Many thanks goes out to production assistant, Jean-Michel Berthiaume, for helping produce this episode.

As always, you are encouraged to become a part of this conversation by visiting any of the podcast's social media sites. You can also talk with Christopher Olson on Twitter (@chrstphrolson) and at his academic blog seemsobvioustome.wordpress.com. And you can talk to CarrieLynn Reinhard on Twitter (@mediaoracle) and at her website www.playingwithresearch.com.

00:0000:00

Episode 29: Videodrome (1983)

October 16th, 2016

In the twenty-ninth episode of The Pop Culture Lens podcast, Christopher Olson and CarrieLynn Reinhard welcome the Halloween season and friend of the podcast Salvatore DiSalvatore to discuss the body horror film from David Cronenberg, Videodrome (1983).

In this episode, the conversation considers how prescient and thus still relevant this thirty-three year-old film is. The trio considers how the film depicts common fears whenever a new communication technology is introduced as it draws on media theories and concepts in its horrific depiction of a man succumbing to the "new flesh." Concerns over misogyny and misandry, hyperreality and reality, and conservative versus progress ideologies inform this discussion as they consider how the film's message may be even more important for today's media saturated world.

Many thanks goes out to production assistant, Jean-Michel Berthiaume, for helping produce this episode.

As always, you are encouraged to become a part of this conversation by visiting any of the podcast's social media sites. You can also talk with Christopher Olson on Twitter (@chrstphrolson) and at his academic blog seemsobvioustome.wordpress.com. And you can talk to CarrieLynn Reinhard on Twitter (@mediaoracle) and at her website www.playingwithresearch.com.

00:0000:00

Episode 28: Frank Sinatra

September 11th, 2016

In the twenty-eighth episode of The Pop Culture Lens podcast, Christopher Olson and CarrieLynn Reinhard welcome back friend of the podcast and unofficial fourth co-host Clelia Sweeney to discuss the classic iconography of Frank Sinatra.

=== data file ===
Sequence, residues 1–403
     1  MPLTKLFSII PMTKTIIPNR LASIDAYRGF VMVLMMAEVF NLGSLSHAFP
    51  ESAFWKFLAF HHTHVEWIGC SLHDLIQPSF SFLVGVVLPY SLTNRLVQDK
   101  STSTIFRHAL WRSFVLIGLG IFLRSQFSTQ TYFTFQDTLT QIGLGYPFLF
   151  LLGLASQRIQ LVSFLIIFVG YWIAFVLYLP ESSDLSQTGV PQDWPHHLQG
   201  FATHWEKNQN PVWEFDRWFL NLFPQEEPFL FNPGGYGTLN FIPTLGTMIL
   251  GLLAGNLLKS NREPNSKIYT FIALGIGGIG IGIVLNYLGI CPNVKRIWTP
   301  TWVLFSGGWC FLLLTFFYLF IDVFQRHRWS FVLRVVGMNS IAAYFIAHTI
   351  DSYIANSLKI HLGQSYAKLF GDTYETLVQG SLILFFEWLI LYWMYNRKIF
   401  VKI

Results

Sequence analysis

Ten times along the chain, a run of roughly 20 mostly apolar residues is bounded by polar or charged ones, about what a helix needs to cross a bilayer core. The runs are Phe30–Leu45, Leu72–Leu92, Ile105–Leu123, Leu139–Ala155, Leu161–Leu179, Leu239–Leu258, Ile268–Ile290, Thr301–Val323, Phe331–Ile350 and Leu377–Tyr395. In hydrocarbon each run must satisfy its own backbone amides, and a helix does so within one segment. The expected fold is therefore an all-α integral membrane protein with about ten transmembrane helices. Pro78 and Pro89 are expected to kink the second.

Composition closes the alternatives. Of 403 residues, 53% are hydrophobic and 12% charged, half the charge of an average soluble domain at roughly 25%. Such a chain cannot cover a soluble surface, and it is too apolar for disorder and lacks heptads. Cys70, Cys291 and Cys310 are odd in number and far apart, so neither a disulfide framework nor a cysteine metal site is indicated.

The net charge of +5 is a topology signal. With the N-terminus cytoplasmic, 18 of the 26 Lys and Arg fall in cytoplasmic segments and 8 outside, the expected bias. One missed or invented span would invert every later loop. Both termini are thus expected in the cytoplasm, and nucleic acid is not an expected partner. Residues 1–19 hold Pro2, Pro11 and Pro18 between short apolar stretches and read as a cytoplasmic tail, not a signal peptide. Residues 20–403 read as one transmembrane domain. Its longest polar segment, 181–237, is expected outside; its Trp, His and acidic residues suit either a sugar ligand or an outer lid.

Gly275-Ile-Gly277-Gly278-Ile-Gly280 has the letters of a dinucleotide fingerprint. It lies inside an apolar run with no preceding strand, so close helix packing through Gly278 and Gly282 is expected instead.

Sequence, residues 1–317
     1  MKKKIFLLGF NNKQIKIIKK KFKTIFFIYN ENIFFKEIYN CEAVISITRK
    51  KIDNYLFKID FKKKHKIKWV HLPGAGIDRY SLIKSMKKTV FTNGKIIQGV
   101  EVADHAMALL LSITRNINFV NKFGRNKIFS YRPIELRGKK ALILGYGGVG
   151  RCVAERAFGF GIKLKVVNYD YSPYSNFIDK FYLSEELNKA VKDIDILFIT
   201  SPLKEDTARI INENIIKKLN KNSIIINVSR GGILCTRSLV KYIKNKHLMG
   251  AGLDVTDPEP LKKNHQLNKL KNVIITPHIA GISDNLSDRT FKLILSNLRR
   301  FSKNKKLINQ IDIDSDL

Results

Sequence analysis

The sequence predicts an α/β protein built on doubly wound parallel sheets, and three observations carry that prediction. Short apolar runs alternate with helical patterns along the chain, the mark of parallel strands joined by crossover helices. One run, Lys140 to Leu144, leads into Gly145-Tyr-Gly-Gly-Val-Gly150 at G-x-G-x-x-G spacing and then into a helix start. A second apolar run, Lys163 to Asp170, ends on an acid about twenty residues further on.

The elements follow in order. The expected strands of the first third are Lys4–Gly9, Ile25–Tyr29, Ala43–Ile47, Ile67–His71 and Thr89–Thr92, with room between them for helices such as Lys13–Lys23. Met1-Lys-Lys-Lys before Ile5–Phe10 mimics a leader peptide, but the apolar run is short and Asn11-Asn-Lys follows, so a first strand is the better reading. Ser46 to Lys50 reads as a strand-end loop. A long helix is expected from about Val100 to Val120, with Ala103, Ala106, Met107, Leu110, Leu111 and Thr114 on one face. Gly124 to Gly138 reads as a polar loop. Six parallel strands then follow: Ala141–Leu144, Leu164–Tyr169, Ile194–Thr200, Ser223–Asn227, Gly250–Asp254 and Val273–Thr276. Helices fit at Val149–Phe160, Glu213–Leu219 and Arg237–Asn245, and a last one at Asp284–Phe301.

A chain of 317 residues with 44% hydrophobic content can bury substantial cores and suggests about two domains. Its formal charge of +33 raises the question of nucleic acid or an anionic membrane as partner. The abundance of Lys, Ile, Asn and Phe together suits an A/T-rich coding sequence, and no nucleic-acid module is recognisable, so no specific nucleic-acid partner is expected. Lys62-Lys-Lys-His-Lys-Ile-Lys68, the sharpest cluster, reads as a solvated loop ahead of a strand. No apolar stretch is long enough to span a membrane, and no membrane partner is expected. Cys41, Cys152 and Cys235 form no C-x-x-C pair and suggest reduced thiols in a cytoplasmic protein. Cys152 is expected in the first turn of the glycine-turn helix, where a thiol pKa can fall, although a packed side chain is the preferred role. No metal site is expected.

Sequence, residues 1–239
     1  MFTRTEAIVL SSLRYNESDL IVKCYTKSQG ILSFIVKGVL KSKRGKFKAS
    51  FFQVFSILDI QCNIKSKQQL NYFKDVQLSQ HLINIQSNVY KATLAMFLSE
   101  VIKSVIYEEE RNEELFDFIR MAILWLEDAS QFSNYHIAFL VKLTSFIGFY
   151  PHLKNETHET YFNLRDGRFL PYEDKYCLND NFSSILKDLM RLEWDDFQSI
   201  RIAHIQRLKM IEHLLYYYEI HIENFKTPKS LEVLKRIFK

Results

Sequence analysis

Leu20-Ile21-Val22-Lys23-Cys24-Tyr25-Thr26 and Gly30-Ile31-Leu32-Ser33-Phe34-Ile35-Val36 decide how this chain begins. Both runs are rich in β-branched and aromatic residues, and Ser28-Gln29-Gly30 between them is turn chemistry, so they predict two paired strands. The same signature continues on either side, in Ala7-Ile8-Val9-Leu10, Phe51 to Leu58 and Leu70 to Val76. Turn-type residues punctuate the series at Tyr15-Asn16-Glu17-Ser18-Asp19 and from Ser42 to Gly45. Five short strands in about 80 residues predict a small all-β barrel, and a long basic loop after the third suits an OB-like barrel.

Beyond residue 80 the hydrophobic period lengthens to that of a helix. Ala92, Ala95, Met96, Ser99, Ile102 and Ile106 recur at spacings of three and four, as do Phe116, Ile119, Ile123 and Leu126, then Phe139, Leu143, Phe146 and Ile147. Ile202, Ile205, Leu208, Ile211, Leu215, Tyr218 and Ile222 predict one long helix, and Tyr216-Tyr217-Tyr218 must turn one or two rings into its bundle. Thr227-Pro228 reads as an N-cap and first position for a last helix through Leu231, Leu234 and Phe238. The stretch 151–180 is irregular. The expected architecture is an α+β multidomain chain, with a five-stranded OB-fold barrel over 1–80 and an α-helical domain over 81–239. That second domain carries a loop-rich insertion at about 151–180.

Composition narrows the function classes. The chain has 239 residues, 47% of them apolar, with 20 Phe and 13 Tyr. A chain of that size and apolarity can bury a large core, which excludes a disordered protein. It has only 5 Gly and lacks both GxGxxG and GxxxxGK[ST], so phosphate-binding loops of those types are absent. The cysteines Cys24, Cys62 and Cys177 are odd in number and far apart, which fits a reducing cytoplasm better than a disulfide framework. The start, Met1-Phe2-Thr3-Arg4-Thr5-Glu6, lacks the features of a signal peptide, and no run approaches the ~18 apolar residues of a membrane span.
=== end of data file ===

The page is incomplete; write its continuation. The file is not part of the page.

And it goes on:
In this episode, the conversation considers how Sinatra's identity changed through the various stages of his career, but also how those changes were under his control as he worked to create a celebrity identity focused on masculinity and American mythos. Throughout the years, his ability to control his identity led to an iconic performance, leading him to embody what it meant to be a man in the mid-20th century. Interestingly, his celebrity identity resembles performances seen in contemporary boy bands and singers, and their ability to make fangirls squee in delight.

One note: in the episode, Christopher discusses a Sinatra album as his recommendation that was in fact part of a trilogy that Sinatra produced in 1980. You can find more information at that venerable source of facts, Wikipedia, in this article.

Many thanks goes out to production assistant, Jean-Michel Berthiaume, for helping produce this episode.

As always, you are encouraged to become a part of this conversation by visiting any of the podcast's social media sites. You can also talk with Christopher Olson on Twitter (@chrstphrolson) and at his academic blog seemsobvioustome.wordpress.com. And you can talk to CarrieLynn Reinhard on Twitter (@mediaoracle) and at her website www.playingwithresearch.com.

00:0000:00